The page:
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Brexit deal: ‘Meaningful vote’ battle to resume in Lords

Brexit deal: ‘Meaningful vote’ battle to resume in Lords

LONDON: The battle over Parliament’s say in the Brexit process between MPs, peers and ministers resumes in the Lords later. Peers will vote on an amendment forcing ministers to consult Parliament in the event of there being no deal.

Theresa May avoided defeat on the issue last week but rebels say concessions made by Downing Street are “valueless”.

MPs overturned a series of changes to the EU Withdrawal Bill made by peers and now the Upper Chamber must decide whether to give way or stand firm.

A dozen or so Tory MPs, led by former attorney general Dominic Grieve, want a bigger role for Parliament, should a final Brexit deal be rejected by MPs or if no deal is reached – the so-called “meaningful vote”.

After two days of talks last week, Mr Grieve said a government amendment drawn up to avert a rebellion was changed at the last minute and that he and his colleagues would not back down.

He has drafted his own amendment to the legislation – which would require ministers to report to Parliament if no deal was in place by the end of November and allow MPs to vote on what to do next – will be considered by peers later when it is tabled by the ex-cabinet minister Lord Hailsham.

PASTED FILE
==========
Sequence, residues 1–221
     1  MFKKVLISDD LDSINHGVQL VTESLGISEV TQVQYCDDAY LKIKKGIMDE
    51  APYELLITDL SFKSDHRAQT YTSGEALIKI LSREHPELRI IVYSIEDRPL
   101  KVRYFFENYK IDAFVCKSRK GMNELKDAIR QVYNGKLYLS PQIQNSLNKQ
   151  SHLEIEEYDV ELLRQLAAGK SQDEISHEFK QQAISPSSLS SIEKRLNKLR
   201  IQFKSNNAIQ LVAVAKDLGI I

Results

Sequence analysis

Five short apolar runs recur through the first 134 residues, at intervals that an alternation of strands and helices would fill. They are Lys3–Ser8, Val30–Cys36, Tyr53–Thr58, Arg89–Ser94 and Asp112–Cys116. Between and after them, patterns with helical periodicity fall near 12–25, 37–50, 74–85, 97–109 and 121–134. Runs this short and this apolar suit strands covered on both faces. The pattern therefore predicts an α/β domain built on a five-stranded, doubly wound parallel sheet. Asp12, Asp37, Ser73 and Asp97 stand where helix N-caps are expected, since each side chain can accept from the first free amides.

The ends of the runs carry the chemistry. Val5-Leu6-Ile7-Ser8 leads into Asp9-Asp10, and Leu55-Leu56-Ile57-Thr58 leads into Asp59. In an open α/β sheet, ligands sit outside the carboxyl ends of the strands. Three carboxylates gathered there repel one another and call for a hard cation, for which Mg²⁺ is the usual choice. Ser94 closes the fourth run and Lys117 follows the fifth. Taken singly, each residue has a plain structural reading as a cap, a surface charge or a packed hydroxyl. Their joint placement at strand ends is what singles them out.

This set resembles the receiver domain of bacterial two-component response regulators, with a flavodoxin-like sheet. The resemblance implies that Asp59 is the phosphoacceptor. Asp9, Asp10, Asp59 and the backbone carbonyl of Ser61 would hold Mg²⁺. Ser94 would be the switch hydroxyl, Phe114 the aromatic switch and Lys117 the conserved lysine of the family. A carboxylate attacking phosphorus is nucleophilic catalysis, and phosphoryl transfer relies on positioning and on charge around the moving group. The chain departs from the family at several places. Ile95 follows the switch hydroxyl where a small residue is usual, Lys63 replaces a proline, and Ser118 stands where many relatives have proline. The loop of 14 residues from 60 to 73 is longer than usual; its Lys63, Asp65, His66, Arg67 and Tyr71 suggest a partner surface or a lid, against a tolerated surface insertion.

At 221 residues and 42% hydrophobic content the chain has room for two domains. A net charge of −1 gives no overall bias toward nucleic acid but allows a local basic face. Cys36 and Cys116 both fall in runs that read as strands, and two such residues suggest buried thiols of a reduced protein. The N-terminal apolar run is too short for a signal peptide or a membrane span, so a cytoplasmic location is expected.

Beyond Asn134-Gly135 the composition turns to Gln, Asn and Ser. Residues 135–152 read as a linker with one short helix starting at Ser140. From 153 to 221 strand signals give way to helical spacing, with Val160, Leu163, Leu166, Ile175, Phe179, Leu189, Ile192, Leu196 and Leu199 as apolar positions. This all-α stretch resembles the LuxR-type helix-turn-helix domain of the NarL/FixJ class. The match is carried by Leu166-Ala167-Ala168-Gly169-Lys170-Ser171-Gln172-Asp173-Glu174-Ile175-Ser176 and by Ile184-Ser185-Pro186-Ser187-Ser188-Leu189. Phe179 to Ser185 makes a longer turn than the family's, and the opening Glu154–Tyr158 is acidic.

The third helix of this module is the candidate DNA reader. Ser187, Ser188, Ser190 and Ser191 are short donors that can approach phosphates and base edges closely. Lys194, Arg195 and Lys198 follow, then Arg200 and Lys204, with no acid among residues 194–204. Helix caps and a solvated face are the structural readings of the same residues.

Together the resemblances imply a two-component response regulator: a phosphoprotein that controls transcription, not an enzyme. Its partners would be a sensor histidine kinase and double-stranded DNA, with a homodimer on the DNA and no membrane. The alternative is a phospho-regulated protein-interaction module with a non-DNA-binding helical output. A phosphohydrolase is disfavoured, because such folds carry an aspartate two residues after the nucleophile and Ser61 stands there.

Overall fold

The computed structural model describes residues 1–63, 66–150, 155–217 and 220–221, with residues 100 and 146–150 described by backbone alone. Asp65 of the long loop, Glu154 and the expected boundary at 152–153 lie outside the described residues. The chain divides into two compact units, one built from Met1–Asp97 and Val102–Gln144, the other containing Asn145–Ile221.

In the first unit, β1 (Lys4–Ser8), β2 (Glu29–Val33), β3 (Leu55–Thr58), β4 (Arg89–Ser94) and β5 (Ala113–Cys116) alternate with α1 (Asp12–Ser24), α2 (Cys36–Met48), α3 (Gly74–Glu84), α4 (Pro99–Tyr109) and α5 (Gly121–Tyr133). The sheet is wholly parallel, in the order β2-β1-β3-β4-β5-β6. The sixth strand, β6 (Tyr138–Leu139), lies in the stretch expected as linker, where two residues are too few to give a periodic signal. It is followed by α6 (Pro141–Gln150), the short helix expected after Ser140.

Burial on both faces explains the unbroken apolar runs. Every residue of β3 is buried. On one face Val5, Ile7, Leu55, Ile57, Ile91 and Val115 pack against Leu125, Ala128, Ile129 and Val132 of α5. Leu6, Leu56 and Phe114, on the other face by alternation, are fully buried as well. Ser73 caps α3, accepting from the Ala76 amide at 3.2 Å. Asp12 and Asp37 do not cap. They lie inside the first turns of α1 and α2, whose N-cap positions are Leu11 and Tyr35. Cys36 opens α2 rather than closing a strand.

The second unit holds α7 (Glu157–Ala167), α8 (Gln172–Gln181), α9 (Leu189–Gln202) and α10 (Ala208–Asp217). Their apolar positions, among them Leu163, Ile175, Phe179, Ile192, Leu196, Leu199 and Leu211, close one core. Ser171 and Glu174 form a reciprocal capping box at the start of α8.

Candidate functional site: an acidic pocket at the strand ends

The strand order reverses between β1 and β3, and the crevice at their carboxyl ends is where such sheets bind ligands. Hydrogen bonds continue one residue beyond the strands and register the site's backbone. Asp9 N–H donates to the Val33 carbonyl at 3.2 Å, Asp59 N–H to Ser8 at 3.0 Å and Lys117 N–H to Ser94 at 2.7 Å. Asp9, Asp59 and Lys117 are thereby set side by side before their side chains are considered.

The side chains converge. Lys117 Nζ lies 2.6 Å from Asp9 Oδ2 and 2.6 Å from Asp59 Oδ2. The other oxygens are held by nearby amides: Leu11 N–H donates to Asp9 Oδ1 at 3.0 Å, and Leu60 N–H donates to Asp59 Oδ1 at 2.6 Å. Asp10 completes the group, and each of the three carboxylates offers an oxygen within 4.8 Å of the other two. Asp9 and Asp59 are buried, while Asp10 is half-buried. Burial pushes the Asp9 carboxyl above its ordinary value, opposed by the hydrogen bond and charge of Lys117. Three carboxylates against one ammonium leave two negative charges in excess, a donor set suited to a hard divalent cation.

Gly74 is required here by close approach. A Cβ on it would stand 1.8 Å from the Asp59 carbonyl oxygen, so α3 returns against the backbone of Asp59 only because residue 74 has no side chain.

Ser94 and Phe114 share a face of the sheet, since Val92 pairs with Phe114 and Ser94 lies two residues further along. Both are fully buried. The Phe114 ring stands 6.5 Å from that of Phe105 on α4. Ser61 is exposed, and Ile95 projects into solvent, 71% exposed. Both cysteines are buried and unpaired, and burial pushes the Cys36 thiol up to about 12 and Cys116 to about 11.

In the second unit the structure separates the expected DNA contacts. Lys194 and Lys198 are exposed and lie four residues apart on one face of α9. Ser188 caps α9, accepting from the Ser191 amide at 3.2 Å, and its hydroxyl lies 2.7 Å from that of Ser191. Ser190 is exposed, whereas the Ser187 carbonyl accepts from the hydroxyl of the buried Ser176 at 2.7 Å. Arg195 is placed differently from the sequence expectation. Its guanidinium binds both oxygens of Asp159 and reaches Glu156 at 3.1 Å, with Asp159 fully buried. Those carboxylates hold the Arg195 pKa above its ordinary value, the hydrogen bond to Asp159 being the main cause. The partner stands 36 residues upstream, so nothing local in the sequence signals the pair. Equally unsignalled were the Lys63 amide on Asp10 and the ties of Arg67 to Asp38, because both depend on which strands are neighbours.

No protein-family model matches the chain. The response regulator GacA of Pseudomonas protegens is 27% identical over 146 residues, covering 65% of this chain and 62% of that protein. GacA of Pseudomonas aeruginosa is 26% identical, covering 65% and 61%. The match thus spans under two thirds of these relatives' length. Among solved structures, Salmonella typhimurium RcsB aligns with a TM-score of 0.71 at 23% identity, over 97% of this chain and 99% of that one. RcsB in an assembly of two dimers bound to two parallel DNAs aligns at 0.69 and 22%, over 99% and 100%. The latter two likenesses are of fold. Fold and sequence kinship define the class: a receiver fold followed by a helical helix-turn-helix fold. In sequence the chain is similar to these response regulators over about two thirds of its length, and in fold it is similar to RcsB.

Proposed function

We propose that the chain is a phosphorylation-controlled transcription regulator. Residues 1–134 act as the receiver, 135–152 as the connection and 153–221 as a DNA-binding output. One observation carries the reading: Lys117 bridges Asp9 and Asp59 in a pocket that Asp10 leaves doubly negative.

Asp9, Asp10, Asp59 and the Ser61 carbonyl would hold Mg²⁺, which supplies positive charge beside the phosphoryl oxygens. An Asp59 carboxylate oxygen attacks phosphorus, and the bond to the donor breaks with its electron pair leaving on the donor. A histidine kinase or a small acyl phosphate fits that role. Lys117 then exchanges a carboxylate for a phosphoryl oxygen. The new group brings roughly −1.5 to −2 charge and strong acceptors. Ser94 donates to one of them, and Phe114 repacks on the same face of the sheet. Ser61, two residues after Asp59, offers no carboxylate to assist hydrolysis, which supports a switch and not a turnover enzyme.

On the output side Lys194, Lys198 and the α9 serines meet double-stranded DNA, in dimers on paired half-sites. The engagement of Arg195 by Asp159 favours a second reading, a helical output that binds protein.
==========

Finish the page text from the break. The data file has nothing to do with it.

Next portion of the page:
The amendment – which may have changed before coming before the Lords – set out what should happen in three different scenarios.

If MPs reject the Brexit deal, ministers must make a statement within four weeks, with a Commons vote to follow on the government’s proposed approach.

If no withdrawal agreement is reached by the end of November 2018 – MPs will get to vote on a government motion setting out its proposed course of action.

If no withdrawal agreement is reached by 15 February 2019, within five days the government must bring a motion in front of MPs and follow any direction to negotiations voted on by MPs and debated by the Lords.

The BBC’s parliamentary correspondent Mark D’Arcy said it was likely to be approved, given the previous version of the amendment passed by 91 votes.

If that happens, there will be a fresh showdown in the Commons on Wednesday when the bill returns there as part of the parliamentary “ping-pong” process – whereby both houses agree on the final form of legislation

Mr Grieve warned on Sunday that Tory rebels could potentially “collapse the government” if they were denied a real say on the prospect of the UK leaving the EU without an agreement.

He told BBC One’s Sunday Politics he thought both sides had agreed MPs could have an “advisory” vote, that would not order the government to do anything, but would help people to “keep calm”.

He said he was not prepared to sign up to a position where the UK risked going “over the edge of a cliff” without Parliament expressing its view.

“I’m absolutely sure that the group is quite determined that the meaningful vote pledge, which was given to us, has got to be fulfilled,” he said.